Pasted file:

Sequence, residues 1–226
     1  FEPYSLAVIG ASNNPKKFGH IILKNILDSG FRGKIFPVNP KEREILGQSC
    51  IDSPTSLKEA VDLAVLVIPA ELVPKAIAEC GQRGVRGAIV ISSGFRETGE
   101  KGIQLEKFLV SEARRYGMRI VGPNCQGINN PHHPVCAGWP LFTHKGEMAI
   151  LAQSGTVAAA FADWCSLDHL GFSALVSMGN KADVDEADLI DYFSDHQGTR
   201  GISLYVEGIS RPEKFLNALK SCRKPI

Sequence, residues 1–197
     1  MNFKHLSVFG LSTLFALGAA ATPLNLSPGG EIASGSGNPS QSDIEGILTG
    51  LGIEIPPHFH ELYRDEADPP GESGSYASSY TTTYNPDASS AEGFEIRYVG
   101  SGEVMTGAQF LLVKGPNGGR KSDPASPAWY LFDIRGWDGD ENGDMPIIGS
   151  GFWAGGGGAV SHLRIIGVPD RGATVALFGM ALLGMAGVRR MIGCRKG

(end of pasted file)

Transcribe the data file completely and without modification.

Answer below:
Sequence, residues 1–226
     1  FEPYSLAVIG ASNNPKKFGH IILKNILDSG FRGKIFPVNP KEREILGQSC
    51  IDSPTSLKEA VDLAVLVIPA ELVPKAIAEC GQRGVRGAIV ISSGFRETGE
   101  KGIQLEKFLV SEARRYGMRI VGPNCQGINN PHHPVCAGWP LFTHKGEMAI
   151  LAQSGTVAAA FADWCSLDHL GFSALVSMGN KADVDEADLI DYFSDHQGTR
   201  GISLYVEGIS RPEKFLNALK SCRKPI

Sequence, residues 1–197
     1  MNFKHLSVFG LSTLFALGAA ATPLNLSPGG EIASGSGNPS QSDIEGILTG
    51  LGIEIPPHFH ELYRDEADPP GESGSYASSY TTTYNPDASS AEGFEIRYVG
   101  SGEVMTGAQF LLVKGPNGGR KSDPASPAWY LFDIRGWDGD ENGDMPIIGS
   151  GFWAGGGGAV SHLRIIGVPD RGATVALFGM ALLGMAGVRR MIGCRKG